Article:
This report provides a synthesis of three country level case studies (Namibia, Senegal, Kenya) carried out in African countries as a part of the overall legal review of Indigenous People’s and Community Conserved Territories and Areas (ICCAs). This regional synthesis report also incorporates information and material from other African countries’ experiences with ICCAs, as documented in a range of other studies and publications.
The main objective of this study was to assess the impacts of biofuel investments in local livelihood systems and local economy in Tanzania.
Specific objectives of the study included reviewing the state of implementation of CAADP in Tanzania in the context of on-going multiple development initiatives; identifying and analyse gaps on policies and frameworks related to CAADP implementation; making objective analysis of commitment of the Government of Tanzania to 2003 Maputo Declaration; and assessing engagement of small scale farmers in CAADP process in Tanzania
Despite progressive provisions on gender equality in Tanzania’s land laws, women have little representation in land allocation decisions, including meetings of village councils and village assemblies. Mainstreaming gender in local regulations can help to address this problem.
Wildlife Management Areas (WMAs) have the potential to benefit both people and wildlife in Tanzania. But are Tanzanian communities earning enough from WMAs to want to protect the wildlife that live on their land? This policy brief addresses this question by examining two WMAs in the Tarangire ecosystem and looking at their performance and revenue streams. This reveals that while communities are earning some income, the WMAs do not yet have enough funds to cover management and wildlife protection costs.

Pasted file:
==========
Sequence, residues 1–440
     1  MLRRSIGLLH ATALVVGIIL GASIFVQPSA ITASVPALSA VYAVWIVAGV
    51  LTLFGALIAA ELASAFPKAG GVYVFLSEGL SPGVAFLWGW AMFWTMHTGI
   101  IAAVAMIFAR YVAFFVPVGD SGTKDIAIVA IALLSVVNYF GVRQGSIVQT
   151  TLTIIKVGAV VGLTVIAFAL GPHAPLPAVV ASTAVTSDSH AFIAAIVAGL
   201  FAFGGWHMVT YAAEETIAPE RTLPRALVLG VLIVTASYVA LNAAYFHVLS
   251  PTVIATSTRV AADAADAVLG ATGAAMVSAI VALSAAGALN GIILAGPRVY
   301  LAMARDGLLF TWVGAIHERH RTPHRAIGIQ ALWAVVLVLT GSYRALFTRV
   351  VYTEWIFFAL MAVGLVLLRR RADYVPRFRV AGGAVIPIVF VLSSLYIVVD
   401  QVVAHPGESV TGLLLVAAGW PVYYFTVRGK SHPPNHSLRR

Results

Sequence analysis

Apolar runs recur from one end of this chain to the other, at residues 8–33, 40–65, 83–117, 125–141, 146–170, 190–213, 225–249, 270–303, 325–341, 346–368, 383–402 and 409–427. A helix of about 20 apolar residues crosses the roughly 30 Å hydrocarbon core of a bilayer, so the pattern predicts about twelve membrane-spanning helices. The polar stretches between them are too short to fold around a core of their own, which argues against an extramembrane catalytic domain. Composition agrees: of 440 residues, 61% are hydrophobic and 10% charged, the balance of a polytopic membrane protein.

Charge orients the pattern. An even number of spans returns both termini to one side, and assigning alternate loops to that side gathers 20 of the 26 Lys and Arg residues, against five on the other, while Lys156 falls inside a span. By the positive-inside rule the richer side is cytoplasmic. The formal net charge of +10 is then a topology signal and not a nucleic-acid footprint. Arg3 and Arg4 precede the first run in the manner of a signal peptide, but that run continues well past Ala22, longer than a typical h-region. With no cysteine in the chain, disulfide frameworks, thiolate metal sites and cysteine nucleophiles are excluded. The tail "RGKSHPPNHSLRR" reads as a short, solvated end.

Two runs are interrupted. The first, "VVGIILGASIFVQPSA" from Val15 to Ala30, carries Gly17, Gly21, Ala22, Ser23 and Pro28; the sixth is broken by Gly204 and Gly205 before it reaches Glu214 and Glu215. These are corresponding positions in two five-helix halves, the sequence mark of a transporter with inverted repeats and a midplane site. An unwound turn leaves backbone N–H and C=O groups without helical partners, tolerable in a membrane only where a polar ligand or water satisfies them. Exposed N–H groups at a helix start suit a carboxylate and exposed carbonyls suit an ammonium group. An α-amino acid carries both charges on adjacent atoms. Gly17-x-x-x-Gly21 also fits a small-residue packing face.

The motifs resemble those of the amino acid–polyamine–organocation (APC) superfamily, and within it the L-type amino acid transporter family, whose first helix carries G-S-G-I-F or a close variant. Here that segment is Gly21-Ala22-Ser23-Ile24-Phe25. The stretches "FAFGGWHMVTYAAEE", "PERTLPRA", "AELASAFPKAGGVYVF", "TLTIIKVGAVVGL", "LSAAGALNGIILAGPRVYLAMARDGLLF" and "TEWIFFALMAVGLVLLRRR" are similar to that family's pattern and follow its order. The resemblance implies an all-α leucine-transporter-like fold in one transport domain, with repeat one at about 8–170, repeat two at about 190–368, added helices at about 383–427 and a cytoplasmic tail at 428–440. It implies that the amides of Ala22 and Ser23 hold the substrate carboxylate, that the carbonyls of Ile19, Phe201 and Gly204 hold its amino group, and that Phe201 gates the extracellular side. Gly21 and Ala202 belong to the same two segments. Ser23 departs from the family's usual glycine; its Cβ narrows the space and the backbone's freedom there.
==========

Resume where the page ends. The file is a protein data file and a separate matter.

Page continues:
In northern Tanzania, new grassroots groups called Women’s Rights and Leadership Forums (WRLFs) are mobilizing women and men in pastoralist communities to promote and defend local land rights. This briefing highlights some of the WRLFs’ achievements and strategies; asks how these forums, which appear to be a part of an emerging grassroots social movement for land rights, can be further supported; and explores whether such forums could be replicated elsewhere in the region
While the guarantees provided in the Katiba mark an extraordinary achievement for women’s land rights, many more steps are needed to reach gender-equitable land ownership in Tanzania. Mama Ardhi members therefore continue to advocate for additional changes in policy and practice that will bring about real transformation for women, their children and society as a whole.
This paper presents several case studies to show how the Ujamaa Community Resource Team (UCRT) has been working within Tanzania’s legal and policy framework to support a diverse range of pastoralists, agro-pastoralists and hunter-gatherers, all of whom face fundamental threats from external appropriation of, or encroachment on, lands and natural resources. The work also responds to local needs to rationalise resource use rights amongst competing local groups, such as farmers and livestock keepers.
This chapter addresses issues related to securing access and rights to resources, and gaining benefits from the resource within the context of one community-based initiative in the village of Ololosokwan in Tanzania.
This fact finding mission had been organised to investigate the challenges facing pastoralists in Rufiji District, the challenges which have been defined as the source of conflict in this district. Although pastoralists had arrived in Rufiji since 1990’s but they officially went there and other places in Coastal and in Lindi Regions after they had been evicted from Ihefu and Kilosa in 2006-9. The Government, through their operation, announced to prepare areas for pastoralists and also to set all necessary and potential services for them to survive In Lindi, Ruvuma and Pwani Regions.